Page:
and also, for guys who love all this looooong and annoying xml things,
Is it not true that setting up routing in concise way like with F3
F3::route('GET /login', 'PageLogin::run');
... is really more clean and readable then 5-lines in XML in configuration
file in Java-word.
Nothing against Java, I'm just talking about conciseness in coding....
On Fri, Jul 15, 2011 at 11:17 AM, Anton Andriyevskyy <x.meg...@gmail.com>wrote:
> Robert, I'm typing ~500...700 symbols in a minute, so it was not told about
> typing from my side.
> Again, my opinion is that when you do something for yourself and you are
> very experienced,
> next level up is shorter notation - then you read & understand & refactor
> Well I'm not pushing this change, I'm just interested if someone used to do
> so and how it was done.
> Anton Andriyevskyy
> Business Automation & Web Development
> On Fri, Jul 15, 2011 at 10:59 AM, Robert Goldsmith <rgoldsm...@names.co.uk
> > wrote:
>> I agree with this entirely and would like to add my voice to the 'not
>> shortening' camp. In an environment where the author is also the maintainer
>> and the xml is simple and short then I can certainly see the temptation to
>> try and par the syntax down much like C but years of experience have told me
>> that the benefits of a more descriptive syntax massively outweigh the slight
>> inconvenience of having to type more.
>> I regularly have to deal with another language where aliasing is easy to
>> do and often used to 'save on typing' - SQL. Some of our legacy codebase is
>> stacked with SQL statements over 100 lines long joining 10 or 12 tables and
>> where every table has been aliased - 'attributes' is aliased to 'a' while
>> 'customers' is 'cu' and 'companies' becomes 'c', 'accountDetails' becomes
>> 'ad' and 'products', 'packages' and 'privileges' become 'p', 'pa' and 'pr'.
>> Once you have experienced such coding you really appreciate two very simple
>> points: descriptive is better and there should be one way to do everything.
>> If you are that bothered about having to write long attribute names I can
>> only assume it is either because you don't want to type as much or you are
>> trying to fit everything on one line. The former can be solved using any
>> modern IDE by assigning shortcuts. The latter can be solved by finding a
>> better (and probably much clearer to read) way to flow elements over
>> multiple lines. I generally go for each attribute on its own line, indented
>> 1 level from the node name.
>> Robert Goldsmith
>> On 14 Jul 2011, at 23:05, Darrell Hamilton wrote:
>> > I would argue that compile time type inferencing in Scala is not
>> > comparable to shortening an attribute name. The intent of the feature
>> > in Scala is not to lessen the number of characters typed, but to
>> > eliminate the need to explicitly specify the type of a variable if
>> > that type is obvious as that could be considered redundant. A side
>> > effect of this feature just happens to be fewer characters typed.
>> > I would also argue that the only thing really gained by shortening the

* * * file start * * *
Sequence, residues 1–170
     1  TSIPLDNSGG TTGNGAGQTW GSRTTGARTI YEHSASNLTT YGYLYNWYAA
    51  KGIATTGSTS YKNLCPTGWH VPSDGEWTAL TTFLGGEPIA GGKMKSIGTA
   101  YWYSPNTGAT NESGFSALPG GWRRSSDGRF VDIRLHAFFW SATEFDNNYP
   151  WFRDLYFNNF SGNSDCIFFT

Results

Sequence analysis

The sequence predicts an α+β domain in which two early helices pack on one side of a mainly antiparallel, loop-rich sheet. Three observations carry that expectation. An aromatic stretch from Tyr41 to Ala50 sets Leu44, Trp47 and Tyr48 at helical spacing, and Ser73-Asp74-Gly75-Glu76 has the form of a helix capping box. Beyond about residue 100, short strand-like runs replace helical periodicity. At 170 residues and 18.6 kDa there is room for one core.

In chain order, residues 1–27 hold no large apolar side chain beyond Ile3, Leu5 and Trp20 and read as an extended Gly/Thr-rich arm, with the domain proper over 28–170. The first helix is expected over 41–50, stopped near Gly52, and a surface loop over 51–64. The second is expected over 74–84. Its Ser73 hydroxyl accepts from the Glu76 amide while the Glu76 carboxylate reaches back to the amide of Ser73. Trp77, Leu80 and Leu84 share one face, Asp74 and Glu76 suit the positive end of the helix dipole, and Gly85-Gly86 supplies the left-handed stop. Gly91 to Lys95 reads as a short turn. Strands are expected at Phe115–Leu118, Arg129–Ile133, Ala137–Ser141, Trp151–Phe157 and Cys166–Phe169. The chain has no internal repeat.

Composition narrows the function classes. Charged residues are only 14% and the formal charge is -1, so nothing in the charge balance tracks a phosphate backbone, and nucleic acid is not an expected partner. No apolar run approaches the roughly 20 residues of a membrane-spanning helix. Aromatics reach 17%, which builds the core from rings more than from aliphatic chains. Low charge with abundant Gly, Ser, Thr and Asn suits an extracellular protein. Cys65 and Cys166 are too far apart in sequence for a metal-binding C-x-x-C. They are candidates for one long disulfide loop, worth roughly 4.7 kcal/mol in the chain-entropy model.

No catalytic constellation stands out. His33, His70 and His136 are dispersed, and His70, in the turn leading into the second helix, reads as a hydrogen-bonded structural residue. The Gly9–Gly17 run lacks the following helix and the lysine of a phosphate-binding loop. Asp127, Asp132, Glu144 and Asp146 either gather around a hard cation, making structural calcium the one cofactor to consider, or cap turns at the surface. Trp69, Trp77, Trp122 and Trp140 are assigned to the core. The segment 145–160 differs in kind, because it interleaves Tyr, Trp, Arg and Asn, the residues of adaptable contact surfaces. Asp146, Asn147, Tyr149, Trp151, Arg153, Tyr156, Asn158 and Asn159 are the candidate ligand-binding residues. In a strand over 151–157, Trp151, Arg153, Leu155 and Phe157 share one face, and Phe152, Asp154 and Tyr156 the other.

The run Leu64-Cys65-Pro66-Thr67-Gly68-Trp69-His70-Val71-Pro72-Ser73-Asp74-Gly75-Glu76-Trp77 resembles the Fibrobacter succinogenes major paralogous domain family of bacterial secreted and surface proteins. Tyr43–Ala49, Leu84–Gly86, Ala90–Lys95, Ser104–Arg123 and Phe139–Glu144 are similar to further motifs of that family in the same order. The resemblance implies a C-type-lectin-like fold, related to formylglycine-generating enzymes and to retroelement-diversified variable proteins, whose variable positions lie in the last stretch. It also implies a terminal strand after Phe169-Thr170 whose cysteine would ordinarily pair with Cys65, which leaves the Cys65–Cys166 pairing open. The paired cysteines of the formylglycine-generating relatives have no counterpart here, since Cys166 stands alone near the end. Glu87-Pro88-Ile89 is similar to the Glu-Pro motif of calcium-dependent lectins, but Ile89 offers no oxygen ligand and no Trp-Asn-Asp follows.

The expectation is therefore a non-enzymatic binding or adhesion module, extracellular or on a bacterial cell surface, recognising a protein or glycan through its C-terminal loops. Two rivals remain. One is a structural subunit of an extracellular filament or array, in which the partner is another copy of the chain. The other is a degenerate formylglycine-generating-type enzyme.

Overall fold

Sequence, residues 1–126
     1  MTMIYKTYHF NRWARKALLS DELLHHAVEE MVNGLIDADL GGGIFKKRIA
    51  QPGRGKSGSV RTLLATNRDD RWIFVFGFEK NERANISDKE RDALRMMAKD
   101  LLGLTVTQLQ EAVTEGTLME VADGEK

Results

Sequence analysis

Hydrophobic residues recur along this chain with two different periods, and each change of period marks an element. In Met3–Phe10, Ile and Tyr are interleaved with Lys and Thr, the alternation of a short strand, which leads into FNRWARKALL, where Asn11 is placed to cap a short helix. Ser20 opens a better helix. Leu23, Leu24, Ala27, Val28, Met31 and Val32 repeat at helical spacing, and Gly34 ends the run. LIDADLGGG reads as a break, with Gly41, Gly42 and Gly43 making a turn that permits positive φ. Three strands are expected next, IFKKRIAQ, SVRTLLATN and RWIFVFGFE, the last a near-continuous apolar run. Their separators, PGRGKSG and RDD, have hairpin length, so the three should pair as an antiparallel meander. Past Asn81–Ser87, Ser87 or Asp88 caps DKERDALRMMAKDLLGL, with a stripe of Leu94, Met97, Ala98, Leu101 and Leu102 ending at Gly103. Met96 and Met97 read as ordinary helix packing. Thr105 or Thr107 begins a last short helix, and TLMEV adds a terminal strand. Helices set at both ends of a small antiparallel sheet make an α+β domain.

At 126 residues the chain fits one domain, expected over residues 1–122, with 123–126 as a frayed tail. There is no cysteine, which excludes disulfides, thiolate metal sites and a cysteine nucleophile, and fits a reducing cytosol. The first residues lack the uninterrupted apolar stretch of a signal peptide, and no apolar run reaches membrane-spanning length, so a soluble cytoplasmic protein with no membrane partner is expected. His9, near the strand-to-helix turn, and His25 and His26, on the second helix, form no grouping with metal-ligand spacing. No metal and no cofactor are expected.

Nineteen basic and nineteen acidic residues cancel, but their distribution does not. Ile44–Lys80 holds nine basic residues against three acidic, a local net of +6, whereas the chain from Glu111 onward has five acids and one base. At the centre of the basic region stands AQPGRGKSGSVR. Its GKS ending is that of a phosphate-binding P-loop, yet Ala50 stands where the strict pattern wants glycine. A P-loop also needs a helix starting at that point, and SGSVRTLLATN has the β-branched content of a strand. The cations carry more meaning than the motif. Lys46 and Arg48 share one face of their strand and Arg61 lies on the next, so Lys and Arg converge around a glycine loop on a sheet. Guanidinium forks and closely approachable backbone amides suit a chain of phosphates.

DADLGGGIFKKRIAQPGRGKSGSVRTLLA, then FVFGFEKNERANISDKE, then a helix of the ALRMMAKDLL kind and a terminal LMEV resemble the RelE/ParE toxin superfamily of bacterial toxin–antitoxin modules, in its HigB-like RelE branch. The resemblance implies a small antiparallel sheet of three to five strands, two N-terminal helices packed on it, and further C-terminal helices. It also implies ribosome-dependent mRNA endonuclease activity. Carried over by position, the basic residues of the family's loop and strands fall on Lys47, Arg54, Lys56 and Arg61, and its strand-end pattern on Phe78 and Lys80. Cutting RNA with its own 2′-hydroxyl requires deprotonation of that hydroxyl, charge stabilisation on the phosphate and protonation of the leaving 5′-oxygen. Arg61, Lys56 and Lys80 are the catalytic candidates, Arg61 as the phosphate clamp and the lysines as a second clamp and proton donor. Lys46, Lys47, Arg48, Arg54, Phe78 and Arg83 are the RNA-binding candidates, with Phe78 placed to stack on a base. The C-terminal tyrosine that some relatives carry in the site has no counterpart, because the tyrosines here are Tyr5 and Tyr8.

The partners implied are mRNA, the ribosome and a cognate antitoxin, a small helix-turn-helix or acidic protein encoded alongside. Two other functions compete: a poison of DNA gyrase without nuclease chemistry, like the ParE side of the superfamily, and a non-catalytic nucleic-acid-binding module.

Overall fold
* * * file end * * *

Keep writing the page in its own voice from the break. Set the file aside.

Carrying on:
>> > attribute names is fewer characters typed. After the debate over
>> > whose shortened attribute name has the best balance of conciseness and
>> > clarity, the only thing different is the number of characters typed.
>> > There is no added or simplified functionality. Additionally, with
>> > respect to refactoring and maintenance, I would argue that it's far
>> > more important to understand the TALES expression assigned to the
>> > attribute than having fewer characters to skip over to get to said
>> > expression.
>> > Anecdotally, I've found that the volume of characters that comprise
>> > the TALES expressions, especially for things like tal:attributes, so
>> > far out numbers those that comprise the attribute name that saving a
>> > handful of characters is made largely irrelevant.
>> > Darrell Hamilton,
>> > Software Developer,
>> > 4over, Inc
>> > darre...@4over.com
>> > 818-246-1170 ext. 285
>> > On Thu, Jul 14, 2011 at 12:26 PM, Anton Andriyevskyy <
>> x.meg...@gmail.com> wrote:
>> >> Darrell, all this sounds good, but it the same ends up that we want to
>> >> more concise html with shorter attributes.
>> >> Concise (but still readable) always wins - a good example would be
>> >> programming language where compiler infers many things
>> >> automatically but still keeps things strongly typed, and this ends up
>> >> very concise syntax, so I'm remaining
>> >> sure that conciseness is good and simplifies many things. In case of
>> >> not only writing of html becomes faster,
>> >> but also reading - which is very important when you do refactoring and
>> >> maintenance.
>> >> Regards,
>> >> Anton Andriyevskyy
>> >> Business Automation & Web Development
>> >> On Thu, Jul 14, 2011 at 8:47 PM, <s...@canterris.com> wrote:
>> >>> Thank you for contacting Canterris. I???m currently out of the office
>> >>> until July 25. Please feel free to contact Will Freemen
>> >>> (w...@canterris.com) or Canterris Technical Support (
>> >>> for any support requests.
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